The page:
When Jews are murdered society responds. But when celebrities spread antisemitic tropes, when college newspapers promote antisemitic endeavors, and when every day people experience verbal and physical antisemitic attacks – there is often a deafening silence from too many. Antisemitism appears as an outlier when considered alongside other examples of prejudice, hate, and discrimination. The perception of Jews as rich, powerful, and “white” leads others to imagine that we cannot be the victims, because we don’t fit into their preconceived notions of what a victim should look like. While it is a minority who actually believe in the conspiracy theories about Jews controlling the media, finance, and politics – the pervasiveness of their ideas seeps into the societal consciousness in such a way that other people no longer know how to respond to antisemitism.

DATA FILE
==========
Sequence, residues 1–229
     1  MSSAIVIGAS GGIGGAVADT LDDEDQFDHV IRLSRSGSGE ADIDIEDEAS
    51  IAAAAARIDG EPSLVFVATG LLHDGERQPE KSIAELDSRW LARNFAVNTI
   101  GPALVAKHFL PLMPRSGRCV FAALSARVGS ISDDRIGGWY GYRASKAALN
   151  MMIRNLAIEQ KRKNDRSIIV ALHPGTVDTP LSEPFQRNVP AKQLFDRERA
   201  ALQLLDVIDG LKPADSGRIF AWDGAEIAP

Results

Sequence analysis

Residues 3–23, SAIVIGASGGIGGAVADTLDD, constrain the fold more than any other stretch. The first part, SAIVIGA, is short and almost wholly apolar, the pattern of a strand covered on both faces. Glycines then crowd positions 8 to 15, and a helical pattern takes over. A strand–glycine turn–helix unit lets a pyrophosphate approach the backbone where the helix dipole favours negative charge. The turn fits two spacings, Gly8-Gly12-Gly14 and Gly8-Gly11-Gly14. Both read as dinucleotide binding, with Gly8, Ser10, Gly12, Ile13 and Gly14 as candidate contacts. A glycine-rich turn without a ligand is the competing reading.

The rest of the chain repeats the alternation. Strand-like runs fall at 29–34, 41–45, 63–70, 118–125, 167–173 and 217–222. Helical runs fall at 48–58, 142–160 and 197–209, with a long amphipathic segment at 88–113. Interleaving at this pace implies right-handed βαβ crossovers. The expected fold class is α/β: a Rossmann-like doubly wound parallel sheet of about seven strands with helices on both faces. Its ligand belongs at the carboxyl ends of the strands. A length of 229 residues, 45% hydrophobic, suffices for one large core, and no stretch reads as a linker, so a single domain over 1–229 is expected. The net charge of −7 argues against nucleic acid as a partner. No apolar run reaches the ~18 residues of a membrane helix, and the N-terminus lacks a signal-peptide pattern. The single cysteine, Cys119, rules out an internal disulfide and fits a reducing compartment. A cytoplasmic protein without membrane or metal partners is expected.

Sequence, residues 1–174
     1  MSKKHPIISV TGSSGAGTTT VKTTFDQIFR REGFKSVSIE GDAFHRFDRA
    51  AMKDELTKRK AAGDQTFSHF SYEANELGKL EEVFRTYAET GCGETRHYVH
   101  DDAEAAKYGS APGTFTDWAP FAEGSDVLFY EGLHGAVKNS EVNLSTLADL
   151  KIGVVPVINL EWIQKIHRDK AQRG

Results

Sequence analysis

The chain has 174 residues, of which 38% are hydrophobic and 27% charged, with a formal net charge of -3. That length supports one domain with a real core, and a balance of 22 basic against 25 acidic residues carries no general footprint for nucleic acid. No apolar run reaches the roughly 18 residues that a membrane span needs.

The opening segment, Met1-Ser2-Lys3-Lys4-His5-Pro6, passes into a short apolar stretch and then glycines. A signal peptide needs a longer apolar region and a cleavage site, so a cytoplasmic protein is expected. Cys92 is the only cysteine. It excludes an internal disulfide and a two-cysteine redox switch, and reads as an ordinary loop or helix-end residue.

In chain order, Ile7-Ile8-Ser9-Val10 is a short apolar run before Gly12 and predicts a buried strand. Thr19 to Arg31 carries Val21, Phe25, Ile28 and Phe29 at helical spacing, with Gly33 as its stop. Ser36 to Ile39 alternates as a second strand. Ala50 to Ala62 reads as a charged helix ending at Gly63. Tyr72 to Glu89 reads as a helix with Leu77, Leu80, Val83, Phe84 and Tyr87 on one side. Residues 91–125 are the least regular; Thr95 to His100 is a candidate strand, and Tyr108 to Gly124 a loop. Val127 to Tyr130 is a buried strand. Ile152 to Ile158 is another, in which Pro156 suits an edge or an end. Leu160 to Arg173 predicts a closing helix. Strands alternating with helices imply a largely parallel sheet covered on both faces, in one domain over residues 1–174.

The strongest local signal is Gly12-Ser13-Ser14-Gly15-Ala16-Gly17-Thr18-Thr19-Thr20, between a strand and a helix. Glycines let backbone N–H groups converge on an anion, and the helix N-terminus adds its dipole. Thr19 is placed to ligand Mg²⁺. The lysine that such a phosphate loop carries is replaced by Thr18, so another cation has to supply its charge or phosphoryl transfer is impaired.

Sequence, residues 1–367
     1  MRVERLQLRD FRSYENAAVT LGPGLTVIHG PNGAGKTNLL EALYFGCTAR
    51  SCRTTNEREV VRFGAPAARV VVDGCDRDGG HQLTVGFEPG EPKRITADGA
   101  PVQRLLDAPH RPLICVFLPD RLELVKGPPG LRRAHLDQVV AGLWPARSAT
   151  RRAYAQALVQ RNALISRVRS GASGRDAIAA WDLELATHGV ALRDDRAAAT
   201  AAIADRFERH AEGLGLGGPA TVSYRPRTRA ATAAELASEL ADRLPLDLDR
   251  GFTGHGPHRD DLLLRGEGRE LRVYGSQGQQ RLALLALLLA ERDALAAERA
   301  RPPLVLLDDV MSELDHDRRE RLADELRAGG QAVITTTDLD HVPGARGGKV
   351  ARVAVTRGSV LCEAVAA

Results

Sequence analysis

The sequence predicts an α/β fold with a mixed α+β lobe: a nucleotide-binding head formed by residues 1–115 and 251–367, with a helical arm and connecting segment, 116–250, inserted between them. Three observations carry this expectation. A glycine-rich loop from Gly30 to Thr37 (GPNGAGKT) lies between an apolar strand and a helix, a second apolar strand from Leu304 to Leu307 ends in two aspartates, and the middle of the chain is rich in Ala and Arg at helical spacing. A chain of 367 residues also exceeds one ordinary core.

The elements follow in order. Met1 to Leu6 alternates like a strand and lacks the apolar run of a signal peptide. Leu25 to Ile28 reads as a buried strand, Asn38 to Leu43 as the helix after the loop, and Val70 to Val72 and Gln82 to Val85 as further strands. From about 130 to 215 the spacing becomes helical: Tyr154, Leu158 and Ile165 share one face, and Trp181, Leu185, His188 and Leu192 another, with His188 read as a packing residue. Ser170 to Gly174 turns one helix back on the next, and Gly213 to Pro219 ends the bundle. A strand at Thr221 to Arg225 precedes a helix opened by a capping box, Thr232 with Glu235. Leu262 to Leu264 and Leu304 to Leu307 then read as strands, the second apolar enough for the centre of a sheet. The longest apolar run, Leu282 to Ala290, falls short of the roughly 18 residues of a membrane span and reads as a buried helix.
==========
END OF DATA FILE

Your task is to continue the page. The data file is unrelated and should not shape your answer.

So before going any further, as a reminder the response to antisemitism should be the same as the response to racism against the black community, Islamophobia directed at Muslims, hate directed at Asian-Americans, and prejudice leveled at people who are LGBTQ+ . They are all examples of bigotry and hate that have no place in society – we need to have a zero-tolerance policy for all of them.